While magic feels too slow, fishing doesn’t make a whole lot of sense at all. After casting the fishing line, the bobber floats on the water as it waits for a fish to bite it. This is all well and good but I could not figure out what the game wanted me to do here. The player has the choice to pull the bobber left and right but there’s nothing indicating that what the player is doing is actually doing anything. Eventually, a fish will bite the lure and the player will begin the final step of the mini game. During this final step, players will be asked to wear out the fish by pulling the fishing rod the opposite direction the fish is swimming. There is a bar at the bottom that shows how much strength the fish has left and is either harder or easier depending on (I believe) the type and size of said fish. This system feels half baked and is tedious to play. Besides fishing, players will travel between islands using their boat. This would be more fun if the player could actually sail around freely instead of simply picking a destination and watching the hero sail directly to that destination. The hero does gain the ability to shoot a pumpkin seed gun while traveling, but this simply isn’t fun after the second or third time.
Sailing from island to island is (as far as I know) the only way to travel around the world and seems like an attempt to pad total playtime. Besides being forced to watch sailing, players may often find themselves backtracking to figure out just where they are supposed to go or because they’ve hit a dead end. Most of the dungeons I went through had a way to exit them roughly halfway through but no easy way back in, forcing me to retread the same ground for no good reason. Backtracking is a problem a lot of adventure games suffer from but I feel Oceanhorn could have fixed part of this issue by simply allowing fast travel once a location has been sailed to a few times (or just to Tikarel and other major locations that may need revisiting). According to the in-game tracker, I got roughly 33% through the game and unlocked one of the 3 elemental emblems. This means I defeated a few mini-bosses and one major boss while exploring roughly a third of all the islands in the game. I truly wanted to get further into the game but could not get past how cliché the story felt or how downright boring it was to traverse the world.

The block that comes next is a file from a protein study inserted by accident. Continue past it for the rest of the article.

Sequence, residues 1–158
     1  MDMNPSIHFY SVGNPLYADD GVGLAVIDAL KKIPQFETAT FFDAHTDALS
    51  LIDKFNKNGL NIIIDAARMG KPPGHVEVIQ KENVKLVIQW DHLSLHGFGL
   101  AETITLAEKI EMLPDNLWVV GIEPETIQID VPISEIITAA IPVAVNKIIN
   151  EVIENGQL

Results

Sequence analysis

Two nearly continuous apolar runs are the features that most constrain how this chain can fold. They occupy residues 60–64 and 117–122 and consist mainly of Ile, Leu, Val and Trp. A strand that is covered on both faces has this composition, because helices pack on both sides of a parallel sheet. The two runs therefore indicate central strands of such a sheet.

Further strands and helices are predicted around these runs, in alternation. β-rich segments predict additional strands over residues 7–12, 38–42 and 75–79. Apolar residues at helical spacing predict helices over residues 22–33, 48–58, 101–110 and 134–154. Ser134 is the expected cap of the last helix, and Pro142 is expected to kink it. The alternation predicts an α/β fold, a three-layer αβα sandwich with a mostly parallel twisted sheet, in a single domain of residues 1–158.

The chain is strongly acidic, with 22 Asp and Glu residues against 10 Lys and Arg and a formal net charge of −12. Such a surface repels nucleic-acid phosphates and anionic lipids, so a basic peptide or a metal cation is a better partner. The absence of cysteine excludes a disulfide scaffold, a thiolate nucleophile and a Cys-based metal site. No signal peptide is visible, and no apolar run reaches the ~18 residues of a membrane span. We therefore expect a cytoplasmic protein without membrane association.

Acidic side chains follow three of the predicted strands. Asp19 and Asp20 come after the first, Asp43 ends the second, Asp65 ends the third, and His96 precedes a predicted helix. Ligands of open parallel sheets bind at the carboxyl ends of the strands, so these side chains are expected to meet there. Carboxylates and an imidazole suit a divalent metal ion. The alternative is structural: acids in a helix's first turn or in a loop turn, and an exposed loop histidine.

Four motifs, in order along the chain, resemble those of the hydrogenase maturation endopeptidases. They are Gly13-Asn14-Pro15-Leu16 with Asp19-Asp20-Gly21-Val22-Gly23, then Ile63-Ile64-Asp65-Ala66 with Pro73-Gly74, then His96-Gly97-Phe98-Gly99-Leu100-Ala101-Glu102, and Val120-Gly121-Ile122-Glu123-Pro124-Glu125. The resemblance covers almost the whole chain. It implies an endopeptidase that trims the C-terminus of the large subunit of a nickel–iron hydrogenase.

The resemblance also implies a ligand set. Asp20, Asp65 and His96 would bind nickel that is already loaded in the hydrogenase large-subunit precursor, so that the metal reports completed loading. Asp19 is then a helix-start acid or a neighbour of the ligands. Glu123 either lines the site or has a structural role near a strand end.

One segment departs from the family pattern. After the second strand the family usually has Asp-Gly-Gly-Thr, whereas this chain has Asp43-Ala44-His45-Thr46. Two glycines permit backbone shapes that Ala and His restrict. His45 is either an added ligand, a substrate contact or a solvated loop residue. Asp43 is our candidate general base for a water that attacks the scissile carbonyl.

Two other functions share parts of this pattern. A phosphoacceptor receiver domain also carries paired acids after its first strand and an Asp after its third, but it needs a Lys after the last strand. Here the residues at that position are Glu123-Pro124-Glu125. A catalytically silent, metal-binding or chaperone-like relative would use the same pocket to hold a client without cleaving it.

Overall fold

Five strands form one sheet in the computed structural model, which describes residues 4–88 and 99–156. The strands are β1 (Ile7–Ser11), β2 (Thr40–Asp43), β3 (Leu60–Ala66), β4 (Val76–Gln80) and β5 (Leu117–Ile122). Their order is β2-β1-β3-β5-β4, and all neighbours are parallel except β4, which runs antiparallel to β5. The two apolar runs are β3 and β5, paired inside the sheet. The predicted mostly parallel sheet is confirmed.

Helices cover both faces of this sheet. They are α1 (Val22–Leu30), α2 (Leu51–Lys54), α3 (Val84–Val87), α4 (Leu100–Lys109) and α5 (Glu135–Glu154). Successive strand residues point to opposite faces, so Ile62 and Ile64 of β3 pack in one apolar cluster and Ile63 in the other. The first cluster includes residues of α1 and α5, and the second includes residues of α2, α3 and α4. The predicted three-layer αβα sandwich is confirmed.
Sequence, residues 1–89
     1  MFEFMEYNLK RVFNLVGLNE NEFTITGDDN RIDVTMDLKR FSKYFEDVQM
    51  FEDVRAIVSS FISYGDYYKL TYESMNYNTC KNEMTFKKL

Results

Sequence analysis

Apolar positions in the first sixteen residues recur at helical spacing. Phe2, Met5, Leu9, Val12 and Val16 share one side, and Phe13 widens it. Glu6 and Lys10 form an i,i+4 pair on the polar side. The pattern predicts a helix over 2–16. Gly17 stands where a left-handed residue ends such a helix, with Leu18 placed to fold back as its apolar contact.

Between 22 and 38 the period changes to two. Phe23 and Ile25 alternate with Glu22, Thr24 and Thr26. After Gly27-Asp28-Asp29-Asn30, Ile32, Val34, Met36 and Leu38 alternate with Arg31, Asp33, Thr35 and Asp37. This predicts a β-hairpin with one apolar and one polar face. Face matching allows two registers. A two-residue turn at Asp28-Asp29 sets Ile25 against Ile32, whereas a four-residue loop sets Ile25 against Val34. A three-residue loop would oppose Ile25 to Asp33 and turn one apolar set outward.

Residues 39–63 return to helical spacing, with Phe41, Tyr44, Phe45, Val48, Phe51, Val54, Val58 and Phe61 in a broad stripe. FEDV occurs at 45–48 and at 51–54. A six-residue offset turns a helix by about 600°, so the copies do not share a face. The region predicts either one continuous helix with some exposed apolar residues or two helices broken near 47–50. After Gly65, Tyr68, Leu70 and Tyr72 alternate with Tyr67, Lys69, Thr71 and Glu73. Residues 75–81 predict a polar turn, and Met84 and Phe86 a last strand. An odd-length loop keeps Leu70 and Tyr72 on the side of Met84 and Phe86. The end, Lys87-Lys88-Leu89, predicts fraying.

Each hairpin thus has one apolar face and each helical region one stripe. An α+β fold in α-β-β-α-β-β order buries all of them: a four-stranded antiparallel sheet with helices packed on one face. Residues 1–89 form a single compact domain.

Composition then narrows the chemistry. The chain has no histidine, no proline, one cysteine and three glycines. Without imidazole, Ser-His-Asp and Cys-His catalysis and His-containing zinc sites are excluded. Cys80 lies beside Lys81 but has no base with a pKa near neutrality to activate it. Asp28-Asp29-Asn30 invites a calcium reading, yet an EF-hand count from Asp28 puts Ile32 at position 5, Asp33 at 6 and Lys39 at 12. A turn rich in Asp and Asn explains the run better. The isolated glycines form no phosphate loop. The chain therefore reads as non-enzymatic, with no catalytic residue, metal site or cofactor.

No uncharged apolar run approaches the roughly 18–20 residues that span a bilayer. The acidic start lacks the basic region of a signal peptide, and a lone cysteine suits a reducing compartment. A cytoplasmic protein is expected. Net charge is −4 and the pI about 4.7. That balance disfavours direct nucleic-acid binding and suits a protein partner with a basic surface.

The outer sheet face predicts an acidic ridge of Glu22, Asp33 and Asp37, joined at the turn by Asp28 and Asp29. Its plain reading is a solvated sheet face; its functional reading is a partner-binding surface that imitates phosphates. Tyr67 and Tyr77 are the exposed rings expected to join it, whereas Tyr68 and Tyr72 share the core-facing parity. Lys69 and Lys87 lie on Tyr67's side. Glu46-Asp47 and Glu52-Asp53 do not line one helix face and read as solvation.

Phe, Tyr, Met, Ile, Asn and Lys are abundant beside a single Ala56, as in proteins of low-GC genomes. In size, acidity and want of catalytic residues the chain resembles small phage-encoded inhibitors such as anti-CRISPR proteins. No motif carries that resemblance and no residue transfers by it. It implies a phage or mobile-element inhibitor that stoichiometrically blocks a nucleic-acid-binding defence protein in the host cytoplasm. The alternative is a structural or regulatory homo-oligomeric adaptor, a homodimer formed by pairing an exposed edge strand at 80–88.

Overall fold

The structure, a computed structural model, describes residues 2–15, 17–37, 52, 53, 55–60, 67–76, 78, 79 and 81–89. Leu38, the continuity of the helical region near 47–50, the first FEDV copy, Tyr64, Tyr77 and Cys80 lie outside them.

Most of the things that seem taken from Wind Waker do not work the same or nearly as well in Oceanhorn. For example, players will travel from island to island on a boat, but will not get to actually guide said boat. This traversal period quickly becomes an on-the-rails shooting gallery as players must shoot water-bound enemies before they can shoot the player’s boat. Even though most of the game seems like a copycat, Oceanhorn does do several things differently, for better or worse. First off, the normal LoZ roll is replaced with a button for sprinting. This sprinting isn’t too bad except it’s tied directly to a stamina bar that drains fairly quickly and often. This bar drains when you sprint, perform a spinning attack, or block an attack with your shield. I don’t think I would have minded this as much if it did not seem so out of place in such an obviously casual game.
Another thing Oceanhorn does that is unique is the addition of it’s Explorer level. The player can increase their Explorer level by collecting XP crystals, completing challenges, and finding chests with Explorer crystals in them. With each level up, players will gain different perks and will often have their ammo refilled. I actually like this system a bit but it isn’t enough to make this game wholly unique. Oceanhorn does often try to create an interesting and mysterious backstory but I find it hard to be interested when the gameplay simply isn’t that fun. It’s not like anything in the game is inheritently broken or not functioning as intended, Oceanhorn simply wasn’t fun to me. Plainly put, Oceanhorn is Wind Waker without any of the things that made Wind Waker a great game. Oceanhorn is an average adventure game without much going for it to create its own identity. After putting 8 hours into the game, I simply could not maintain interest. If there is, in fact, any unique mechanic or late game activity I missed out on, I could see myself changing my opinion. As of now, I feel I have played enough to form an informed opinion.
REVIEW CODE: Here at Brash Games we have a strict Review Code policy, Paul Ryan owner / editor is the only member of staff at Brash Games permitted to obtain review code and distribute it within the Brash Games review team. No other person is permitted to request review code and or send review links or contact the publishers in any way whatsoever. Should you wish to send us review code please email paulryan-at-brashgames.co.uk.